Island View: ‘Like’ before you drive

PHUKET: Having a mobile phone in Thailand has been the norm for about 10 years.

When the phones were first introduced, it was a big deal to be able to call anyone, anytime, anywhere. However, because of this, people were causing more traffic accidents from using their phones while driving.

This is why the government implemented a law prohibiting people from talking on the phone while behind the wheel, unless they were using a hands-free device.

But now, traditional mobile phones have been replaced with smartphones, which for the most part, require you to use your hands for their touchscreens.

The popularization of smartphones has also ushered in ‘phubbing’.

Phubbing is a behavior in which you snub your friends, family or any other person who is trying to converse or spend time with you, by continually checking your phone. But, though rude, it’s not a dangerous habit.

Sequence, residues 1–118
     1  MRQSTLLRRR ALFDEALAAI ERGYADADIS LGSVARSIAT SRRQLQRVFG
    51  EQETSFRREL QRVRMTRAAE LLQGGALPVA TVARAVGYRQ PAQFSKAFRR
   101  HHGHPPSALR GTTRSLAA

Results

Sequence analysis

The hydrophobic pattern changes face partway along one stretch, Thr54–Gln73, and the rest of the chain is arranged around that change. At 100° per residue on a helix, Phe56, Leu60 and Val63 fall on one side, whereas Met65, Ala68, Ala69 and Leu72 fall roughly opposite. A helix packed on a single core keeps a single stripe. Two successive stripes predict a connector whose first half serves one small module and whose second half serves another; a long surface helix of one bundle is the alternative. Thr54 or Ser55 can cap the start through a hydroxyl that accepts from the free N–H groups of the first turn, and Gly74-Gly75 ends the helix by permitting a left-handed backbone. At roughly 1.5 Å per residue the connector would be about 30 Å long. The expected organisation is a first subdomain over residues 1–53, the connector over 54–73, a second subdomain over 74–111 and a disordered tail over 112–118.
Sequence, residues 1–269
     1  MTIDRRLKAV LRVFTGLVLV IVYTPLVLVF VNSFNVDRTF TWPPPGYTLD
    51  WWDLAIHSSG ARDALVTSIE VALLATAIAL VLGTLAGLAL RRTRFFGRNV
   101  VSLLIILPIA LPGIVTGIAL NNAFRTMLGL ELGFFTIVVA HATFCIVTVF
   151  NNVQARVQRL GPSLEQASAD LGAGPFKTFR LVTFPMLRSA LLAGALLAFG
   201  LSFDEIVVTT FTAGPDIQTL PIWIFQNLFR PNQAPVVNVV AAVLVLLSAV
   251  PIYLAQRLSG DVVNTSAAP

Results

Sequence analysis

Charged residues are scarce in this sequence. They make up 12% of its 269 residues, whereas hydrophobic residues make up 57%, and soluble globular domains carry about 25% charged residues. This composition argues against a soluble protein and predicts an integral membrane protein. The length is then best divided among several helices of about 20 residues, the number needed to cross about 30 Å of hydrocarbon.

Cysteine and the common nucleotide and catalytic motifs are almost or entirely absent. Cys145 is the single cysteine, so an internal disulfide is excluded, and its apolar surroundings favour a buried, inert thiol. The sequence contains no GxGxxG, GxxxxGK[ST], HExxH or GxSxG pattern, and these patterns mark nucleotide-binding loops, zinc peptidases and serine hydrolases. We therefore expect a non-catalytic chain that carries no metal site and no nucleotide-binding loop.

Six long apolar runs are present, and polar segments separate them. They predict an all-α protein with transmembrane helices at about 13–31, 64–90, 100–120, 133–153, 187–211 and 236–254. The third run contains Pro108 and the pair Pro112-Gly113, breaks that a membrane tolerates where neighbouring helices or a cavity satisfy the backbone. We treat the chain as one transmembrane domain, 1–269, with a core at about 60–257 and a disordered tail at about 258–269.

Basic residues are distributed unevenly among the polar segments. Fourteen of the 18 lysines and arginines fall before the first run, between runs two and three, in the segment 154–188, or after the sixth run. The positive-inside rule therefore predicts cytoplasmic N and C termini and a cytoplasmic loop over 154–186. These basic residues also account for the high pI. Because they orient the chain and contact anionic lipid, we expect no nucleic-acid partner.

Though I notice people constantly phubbing each other at bars, restaurants and at work, what worries me is this behavior when people are behind the wheel on the road. Is it worth risking your, or someone else’s, life just to see how many ‘likes’ your Facebook profile picture has?

Recently, I saw a news story that had a video of a bus driver talking on his phone while 25 other people’s lives were in his hands, not to mention the lives of other drivers on the road.

It really made me think about the number of times that I look at my phone while in the car.

Granted, I have a habit of looking at my phone while at a stoplight, but I confess that sometimes when the light is green I am still looking at my screen, which is unacceptable. I know I’m not alone in doing this, and I’m sure many drivers take it a step further and check their phones while they are actually in motion.

There have been times when I am driving at night that I think the person in front of me is drunk, because he or she is driving slowly and swerving. However, when I go to pass them I can see the light of a phone in their hand.

I would like to thank those who don’t look at or use their phones while driving. As for me, I will make it my New Year’s resolution to stop this bad habit in order to do my part to help everyone have a safe and happy 2016.

— Pruth Kulprasit


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